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Following is The New York Times obituary of Michael Schmidt.
Michael Schmidt, Photographic Storyteller, Dies at 68
By DOUGLAS MARTINJUNE 10, 2014
German photographer Michael Schmidt was known for presenting stark black-and-white images in dramatic sequence, to powerful emotional effect. A recent project was a penetrating tour of the global food industry that included arresting images of factory farms, a cow’s bulging udder, supermarkets and a single apple. It won an international award just days before Mr. Schmidt’s death on May 24 in Berlin. He was 68.
Frank-Walter Steinmeier, the German foreign minister, confirmed the death, praising the “modernity and singularity” of Mr. Schmidt’s work. No cause was given.
Mr. Schmidt would work four or more years on a single project — he devoted seven to documenting the food industry — taking thousands of pictures and then, in the editing, make a frame-by-frame, filmstrip-like narrative of them for shows and books. Except for a handful of later photos, he worked in gray; he called black and white the extreme shades of that indeterminate color.
He expressed his goal in arranging pictures as “1 + 1 = 3,” a coinage illustrating his belief that juxtaposing a series of photographs greatly increases their emotional power.
His work was shown at the Museum of Modern Art in New York, the Haus der Kunst in Munich and the Berlin and Venice Biennails. He published more than a dozen books and exhibition catalogs.
Last month, at the Victoria and Albert Museum in London, Kofi Annan, the former secretary general of the United Nations, announced that Mr. Schmidt had won the Prix Pictet, a global award (amounting to $112,500 this year) given annually to a photographer whose work is of outstanding quality and has contributed to environmental consciousness. The prize was started in 2008 by the Pictet Group, a Swiss banking concern founded in 1805.
Mr. Schmidt, who was reported to be too ill to attend the event, won the prize for a project he titled “Lebensmittel,” which roughly translates as “Foodstuffs.” The award jury called it “an epic and hugely topical investigation into the ways in which we feed ourselves.”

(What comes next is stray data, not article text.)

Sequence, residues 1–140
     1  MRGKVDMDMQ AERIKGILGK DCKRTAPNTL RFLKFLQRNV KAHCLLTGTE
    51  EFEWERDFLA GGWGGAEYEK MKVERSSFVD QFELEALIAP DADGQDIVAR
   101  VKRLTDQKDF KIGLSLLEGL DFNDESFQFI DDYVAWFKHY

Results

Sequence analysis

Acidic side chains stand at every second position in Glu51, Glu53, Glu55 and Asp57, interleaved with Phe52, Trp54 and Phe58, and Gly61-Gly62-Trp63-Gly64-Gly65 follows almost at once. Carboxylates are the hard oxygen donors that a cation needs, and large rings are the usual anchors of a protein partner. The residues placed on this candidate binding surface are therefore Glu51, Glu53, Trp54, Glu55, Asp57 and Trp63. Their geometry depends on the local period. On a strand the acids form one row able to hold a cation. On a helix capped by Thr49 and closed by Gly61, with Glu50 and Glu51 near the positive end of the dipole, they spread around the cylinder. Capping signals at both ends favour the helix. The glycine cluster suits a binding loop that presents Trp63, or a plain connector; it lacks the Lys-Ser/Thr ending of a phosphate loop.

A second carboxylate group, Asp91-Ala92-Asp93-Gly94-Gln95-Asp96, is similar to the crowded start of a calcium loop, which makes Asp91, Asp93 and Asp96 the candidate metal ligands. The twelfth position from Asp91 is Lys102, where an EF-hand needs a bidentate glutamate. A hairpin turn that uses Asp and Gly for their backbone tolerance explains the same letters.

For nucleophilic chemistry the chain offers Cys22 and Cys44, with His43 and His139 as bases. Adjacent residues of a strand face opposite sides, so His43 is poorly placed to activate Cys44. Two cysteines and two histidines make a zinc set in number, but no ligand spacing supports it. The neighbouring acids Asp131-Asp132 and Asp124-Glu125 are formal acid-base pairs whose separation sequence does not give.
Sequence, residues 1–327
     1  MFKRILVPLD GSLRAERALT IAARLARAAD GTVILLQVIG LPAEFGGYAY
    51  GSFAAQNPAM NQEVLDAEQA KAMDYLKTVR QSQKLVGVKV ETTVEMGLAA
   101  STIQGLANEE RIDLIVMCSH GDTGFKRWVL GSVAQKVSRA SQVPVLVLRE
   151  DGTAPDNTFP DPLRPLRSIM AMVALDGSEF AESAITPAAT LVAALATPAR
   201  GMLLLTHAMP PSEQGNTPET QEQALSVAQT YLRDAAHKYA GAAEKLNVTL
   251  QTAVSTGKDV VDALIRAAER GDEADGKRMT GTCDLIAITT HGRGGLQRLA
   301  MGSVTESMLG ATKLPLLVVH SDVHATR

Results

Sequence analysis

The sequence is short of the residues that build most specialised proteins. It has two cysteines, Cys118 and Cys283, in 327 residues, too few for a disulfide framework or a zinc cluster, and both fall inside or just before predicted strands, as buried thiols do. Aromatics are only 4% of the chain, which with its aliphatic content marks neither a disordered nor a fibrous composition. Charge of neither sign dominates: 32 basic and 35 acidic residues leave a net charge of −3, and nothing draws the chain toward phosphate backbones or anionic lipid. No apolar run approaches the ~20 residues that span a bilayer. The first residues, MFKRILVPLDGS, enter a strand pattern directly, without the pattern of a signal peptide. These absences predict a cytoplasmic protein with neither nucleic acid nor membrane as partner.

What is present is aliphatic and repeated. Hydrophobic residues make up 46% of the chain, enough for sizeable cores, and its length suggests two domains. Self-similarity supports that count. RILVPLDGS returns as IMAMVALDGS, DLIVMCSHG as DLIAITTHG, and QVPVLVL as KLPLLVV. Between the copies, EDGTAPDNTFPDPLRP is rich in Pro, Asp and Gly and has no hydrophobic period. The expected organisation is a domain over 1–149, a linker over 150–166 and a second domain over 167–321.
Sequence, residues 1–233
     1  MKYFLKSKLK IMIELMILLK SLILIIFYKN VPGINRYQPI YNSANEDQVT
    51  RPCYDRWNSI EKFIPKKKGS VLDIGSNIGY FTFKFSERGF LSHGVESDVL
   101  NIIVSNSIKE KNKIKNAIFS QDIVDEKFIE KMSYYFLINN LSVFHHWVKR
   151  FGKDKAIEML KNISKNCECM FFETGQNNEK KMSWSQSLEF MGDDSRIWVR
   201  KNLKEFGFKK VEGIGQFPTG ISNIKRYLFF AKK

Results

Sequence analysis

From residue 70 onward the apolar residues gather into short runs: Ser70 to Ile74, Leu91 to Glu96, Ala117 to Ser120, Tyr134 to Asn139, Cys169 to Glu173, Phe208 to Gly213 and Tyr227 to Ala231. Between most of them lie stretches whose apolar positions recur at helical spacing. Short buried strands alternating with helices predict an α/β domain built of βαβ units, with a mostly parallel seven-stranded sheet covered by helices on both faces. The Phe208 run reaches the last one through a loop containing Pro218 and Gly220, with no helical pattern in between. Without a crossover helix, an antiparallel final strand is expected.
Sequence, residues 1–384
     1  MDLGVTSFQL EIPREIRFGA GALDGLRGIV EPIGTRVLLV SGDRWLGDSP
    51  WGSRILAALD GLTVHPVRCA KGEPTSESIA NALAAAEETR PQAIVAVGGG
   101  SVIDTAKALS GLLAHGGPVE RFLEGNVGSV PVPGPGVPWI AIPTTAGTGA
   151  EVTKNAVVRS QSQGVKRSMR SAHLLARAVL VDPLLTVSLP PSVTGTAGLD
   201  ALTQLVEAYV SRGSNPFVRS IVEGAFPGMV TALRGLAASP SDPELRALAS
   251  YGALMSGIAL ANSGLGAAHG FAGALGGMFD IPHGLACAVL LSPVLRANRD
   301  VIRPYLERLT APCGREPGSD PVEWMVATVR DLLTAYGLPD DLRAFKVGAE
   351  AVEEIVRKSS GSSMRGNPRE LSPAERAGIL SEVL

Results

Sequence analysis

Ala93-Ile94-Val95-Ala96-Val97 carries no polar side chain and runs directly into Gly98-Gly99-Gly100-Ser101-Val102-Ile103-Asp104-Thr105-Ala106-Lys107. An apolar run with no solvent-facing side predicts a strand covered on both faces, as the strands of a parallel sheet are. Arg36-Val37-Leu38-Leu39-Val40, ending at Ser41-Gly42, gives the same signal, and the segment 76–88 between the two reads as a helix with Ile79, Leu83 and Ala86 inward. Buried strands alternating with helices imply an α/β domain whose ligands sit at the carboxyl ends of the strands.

The French photographer Luc Delahaye, who won last year’s prize and was a judge this year, said of Mr. Schmidt’s work: “His language is a language of precision and his tool is the most simple one: a small 35-millimeter camera and a few rolls of film. His pictures look simple at first glance, and their anti-sentimentality, their refusal of all the tricks of the usual seduction, their concision and their clarity, give them great efficiency.”
Mr. Schmidt’s 1987 book, Waffernruhe (Cease-Fire), addresses Berlin after years of the Cold War through repeated shots of the Berlin Wall as well as images of torn window screens, rusted steel girders and nearly black streets.
Reviewing his work at the Museum of Modern Art in 1988, Andy Grundberg wrote in The New York Times that Mr. Schmidt’s pictures evoked “a state halfway between creation and decay.”
But most chilling, Mr. Grundberg wrote, were Mr. Schmidt’s pictures of Berliners, particularly younger ones who had embraced punk culture. “The expressions are hard-edged, the eyes as obdurate as metal,” he wrote. “It is as if cynicism were the price of survival.”
In the mid-1990s, Mr. Schmidt produced a book and exhibition titled Ein-Heit (Einheit means unity in German), which grappled with the question of German identity. It included news photographs of Nazi rallies and of a boy denouncing his parents to the East German secret police and juxtaposed them with his own photographs of Berliners in a united city. One was of himself.
Mr. Schmidt was born in the eastern part of Berlin on Oct. 6, 1945. His family moved to West Berlin before the wall went up in 1961. At his family’s urging he took a job as a police officer to ensure a steady living, but he abandoned that work to follow his early passion for photography.
He had no formal training when he started as a freelancer but later took courses and passed a certification test to be a photo-designer. He went on to start a photography school and ran it for several years.
He is survived by his wife, Karin, and a daughter.
Mr. Schmidt once described himself as a “blind-alley photographer,” likening his creative approach to walking into a cul-de-sac and scrambling to find a way back out. “Failure or making mistakes,” he said, “is an integral part of my working.”
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